Alpha Phi Alpha
Alpha Phi Alpha Fraternity Inc. develops leaders, promotes brotherhood, and academic excellence, while providing service and advocacy for our communities.
To Become An Alpha
Becoming a member of Alpha Phi Alpha Fraternity requires an investment of your personal time, talents, and money. We are not looking for candidates who are not interested in serving the communities in which they live. We are not seeking candidates who do not take academic excellence seriously. Most importantly, We are not interested in individuals whose actions will put the organization’s brand and well-being at risk. This ship does not need anchors.
An Alpha Phi Alpha member’s greatest interest is outside himself. We value those who believe that their membership in Alpha Phi Alpha is the presentation of their personal commitment to time-valued words such as KNOWLEDGE, ACHIEVEMENT, SERVICE, INTEGRITY, QUALITY, HONOR, EXCELLENCE, and COMMUNITY.
5 Interesting Facts Facts
- On December 4, 1906, seven undergraduate students at Cornell University, “The Seven Jewels,” organized Alpha Phi Alpha Fraternity.
- Alpha Phi Alpha is the first African American, inter-collegiate Greek-lettered fraternity.
- First of All, Servants of All, We Shall Transcend All is their motto.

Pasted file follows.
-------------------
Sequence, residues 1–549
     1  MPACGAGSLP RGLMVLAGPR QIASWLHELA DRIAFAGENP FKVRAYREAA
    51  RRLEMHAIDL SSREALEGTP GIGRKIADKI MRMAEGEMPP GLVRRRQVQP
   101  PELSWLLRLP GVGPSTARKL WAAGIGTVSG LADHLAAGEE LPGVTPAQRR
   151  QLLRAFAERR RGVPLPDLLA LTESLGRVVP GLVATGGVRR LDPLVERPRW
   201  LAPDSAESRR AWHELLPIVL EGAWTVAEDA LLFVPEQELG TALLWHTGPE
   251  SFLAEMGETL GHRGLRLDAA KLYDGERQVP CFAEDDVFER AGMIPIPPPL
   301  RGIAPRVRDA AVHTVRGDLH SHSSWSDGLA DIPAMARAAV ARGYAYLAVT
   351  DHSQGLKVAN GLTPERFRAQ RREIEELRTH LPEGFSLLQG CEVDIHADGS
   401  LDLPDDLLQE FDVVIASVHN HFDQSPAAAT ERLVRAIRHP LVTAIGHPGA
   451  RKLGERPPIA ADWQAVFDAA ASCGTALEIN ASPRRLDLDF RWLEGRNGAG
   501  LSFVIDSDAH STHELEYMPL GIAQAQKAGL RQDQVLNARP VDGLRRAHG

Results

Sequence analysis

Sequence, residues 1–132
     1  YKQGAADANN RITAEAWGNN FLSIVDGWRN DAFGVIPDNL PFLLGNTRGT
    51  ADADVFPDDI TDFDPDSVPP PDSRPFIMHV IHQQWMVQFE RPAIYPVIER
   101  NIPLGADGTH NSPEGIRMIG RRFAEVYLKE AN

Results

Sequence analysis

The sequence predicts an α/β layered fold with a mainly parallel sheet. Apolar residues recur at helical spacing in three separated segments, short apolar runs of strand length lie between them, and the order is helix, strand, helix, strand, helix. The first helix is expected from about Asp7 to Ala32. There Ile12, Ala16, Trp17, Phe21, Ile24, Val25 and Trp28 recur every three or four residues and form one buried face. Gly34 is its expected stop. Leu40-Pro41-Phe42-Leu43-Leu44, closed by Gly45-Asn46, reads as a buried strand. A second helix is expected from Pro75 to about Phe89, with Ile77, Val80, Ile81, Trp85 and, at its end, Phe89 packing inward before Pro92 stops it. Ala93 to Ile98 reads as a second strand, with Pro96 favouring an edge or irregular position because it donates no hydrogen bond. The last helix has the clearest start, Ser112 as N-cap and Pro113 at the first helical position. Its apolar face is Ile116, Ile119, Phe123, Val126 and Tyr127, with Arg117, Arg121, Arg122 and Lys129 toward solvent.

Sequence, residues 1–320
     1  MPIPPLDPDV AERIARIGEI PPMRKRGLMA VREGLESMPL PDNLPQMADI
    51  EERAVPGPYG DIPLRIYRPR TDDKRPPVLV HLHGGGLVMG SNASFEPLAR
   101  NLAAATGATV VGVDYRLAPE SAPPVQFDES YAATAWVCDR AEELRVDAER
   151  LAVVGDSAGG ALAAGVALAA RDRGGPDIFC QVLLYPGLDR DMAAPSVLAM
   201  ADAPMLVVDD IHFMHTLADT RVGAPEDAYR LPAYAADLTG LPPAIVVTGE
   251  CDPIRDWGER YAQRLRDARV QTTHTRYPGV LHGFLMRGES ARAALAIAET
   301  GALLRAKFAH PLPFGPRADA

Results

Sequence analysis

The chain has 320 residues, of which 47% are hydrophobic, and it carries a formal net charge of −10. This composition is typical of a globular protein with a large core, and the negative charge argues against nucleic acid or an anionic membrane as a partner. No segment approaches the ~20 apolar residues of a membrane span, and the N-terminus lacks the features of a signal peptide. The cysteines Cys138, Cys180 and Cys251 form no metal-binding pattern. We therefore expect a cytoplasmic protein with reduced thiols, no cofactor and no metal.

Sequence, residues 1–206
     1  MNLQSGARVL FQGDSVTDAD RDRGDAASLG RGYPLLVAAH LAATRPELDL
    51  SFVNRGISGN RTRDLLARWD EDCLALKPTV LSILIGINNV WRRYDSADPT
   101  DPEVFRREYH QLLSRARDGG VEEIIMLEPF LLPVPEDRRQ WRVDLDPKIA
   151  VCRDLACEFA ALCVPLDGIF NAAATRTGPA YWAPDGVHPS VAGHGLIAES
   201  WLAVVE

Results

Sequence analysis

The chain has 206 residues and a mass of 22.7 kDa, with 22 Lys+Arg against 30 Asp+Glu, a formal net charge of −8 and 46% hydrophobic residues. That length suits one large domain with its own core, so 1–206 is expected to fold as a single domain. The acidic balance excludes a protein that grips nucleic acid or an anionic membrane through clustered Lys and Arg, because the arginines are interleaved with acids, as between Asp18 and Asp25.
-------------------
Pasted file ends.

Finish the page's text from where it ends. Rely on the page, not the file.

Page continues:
- Jamaican Prime Minister Norman Manley, Nobel Prize winner Martin Luther King, Jr., Olympian Jesse Owens, Justice Thurgood Marshall, United Nations Ambassador Andrew Young, Singer Lionel Richie and Atlanta Mayor Maynard Jackson are all members of the fraternity
- They were Henry Arthur Callis, who was born in 1887 in Rochester, New York, the son of an African Methodist Episcopal (AME) Minister; and Charles Henry Chapman, an older student and cafe owner in Ithaca. Other founders included Eugene Kinkle Jones, the son of a Virginia Union University professor, after graduation would become the first Executive Secretary of the National Urban League; George Biddle Kelley of Troy, New York who later became New York State's first registered African American civil engineer; and Nathaniel Allison Murray, son of the first black employee of the Library of Congress in Washington, D.C. Robert H. Ogle also of Washington, D.C. and the only married member of the founders, later became a staff member of the U.S. Senate Committee on Appropriations. The last of the Jewels was Vertner W. Tandy, the son of a Lexington, Kentucky building contractor who later became the first registered African American architect in New York.